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Across Coveted Lands by Arnold Henry Savage Landor

Nasr being an abbreviation of Nasr ed din Shah


"Oh,

yes, everybody knows the English Consulate. I will take you there. It is only a short distance from here, near the city of Sher-i-Nasrya!"

Thanks to this fellow, a few minutes later I found myself greeted most effusively by Major and Mrs. Benn in their charming mud Consulate. This was on the evening of December 6th.

CHAPTER XVI

English fancy geographical names--Sher-i-Nasrya--The main street--The centre of the city--Reverence of the natives for Major Benn--A splendid type of British official--Indian and Russian goods--The Shikin Maghut cloth--Steadily increasing trade of the Nushki route--Khorassan horses for remounts--Husseinabad--Russian Vice-Consulate--Mr. Miller--Characteristic windmills--"The wind of 120 days"--Benn Bazaar.

Disappointing as it may seem that the natives themselves should be barefaced enough not to call their city by the fancy name given it by certain British geographers, we might as well explain why the natives call the capital of Sistan by its real name, Sher-i-Nasrya. The three words mean the "City of Nasr," Nasr being an abbreviation of Nasr-ed-din Shah, in honour of whom the city was named. In Sistan itself the city goes by the shortened name of mere "Sher" or "city," but letters sent by Persians from other parts of the Shah's dominions are

generally addressed Sher-i-Nasrya, or simply Sher-i-Sistan.

[Illustration: Women at Bandan.]

[Illustration: Dr. Golam Jelami and his Patients.]

When the place was first conquered by the father of the present Amir, Mir-Alam-Khan, it was spoken of as Nusratabad, or the "City or Victory," just the same as we speak of the "City of the Commune," or the "Eternal City," or the "City of Fogs." The name "Nusratabad" only applied to the victory and not to the city. We should certainly not wish to see the names of the three above illustrations given on maps for Paris, Rome, or London.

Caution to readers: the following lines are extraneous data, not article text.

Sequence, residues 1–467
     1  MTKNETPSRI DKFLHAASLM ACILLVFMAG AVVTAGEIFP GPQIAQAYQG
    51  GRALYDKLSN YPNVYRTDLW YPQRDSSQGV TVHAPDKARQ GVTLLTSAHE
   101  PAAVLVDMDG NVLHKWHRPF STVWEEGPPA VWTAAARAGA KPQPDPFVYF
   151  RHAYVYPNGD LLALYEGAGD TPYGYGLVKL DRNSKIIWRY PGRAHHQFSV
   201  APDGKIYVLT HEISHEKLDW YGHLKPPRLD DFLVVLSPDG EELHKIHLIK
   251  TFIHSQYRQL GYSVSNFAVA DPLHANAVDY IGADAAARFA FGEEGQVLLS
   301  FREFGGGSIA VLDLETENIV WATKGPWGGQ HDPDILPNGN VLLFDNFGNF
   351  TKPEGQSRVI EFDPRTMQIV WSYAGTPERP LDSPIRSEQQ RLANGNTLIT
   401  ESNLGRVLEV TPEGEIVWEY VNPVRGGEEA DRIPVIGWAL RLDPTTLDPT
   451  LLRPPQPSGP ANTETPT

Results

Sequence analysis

As for calling the city Nasirabad, as the Trigonometrical Survey maps do, there is no excuse whatever for this, which is a mere blunder--not the only one, unfortunately--and attributes to the city the name of a small village some eight miles off.

The present Sher-i-Nasrya is not more than twenty years old. It has a double wall all round, a higher one with semicircular castellated towers, and a lower on a mud bank with outwardly projecting semicircular protected platforms, the walls of which, eight feet high, are loopholed in a primitive fashion. On the inner side of the lower wall there is a platform all along the wall for soldiers to stand upon. The city wall, forty feet high, is separated from this outer defence by a road all round the city, and outside of all there is a moat, but with very little water in it.

The wall on the south side (really S.S.W.) has ten towers, the two central ones being close together and larger than the others, between which is the principal city gate, reached by an earthen bridge and a tortuous way, as the entrance of the outer wall is not in a line with the inner. The east and west side have only eight towers, including the corner ones, the double towers being the fourth and fifth. Every tower is semicircular, with loopholes pointing towards the sky--very useful in case of defence--and a large opening for pieces of artillery. The corner towers have two of these apertures, one under the other.

A kind of bastion or battlement has been formed by piling up the earth removed from the moat round the lower wall. The moat is forty feet broad and thirty feet deep.


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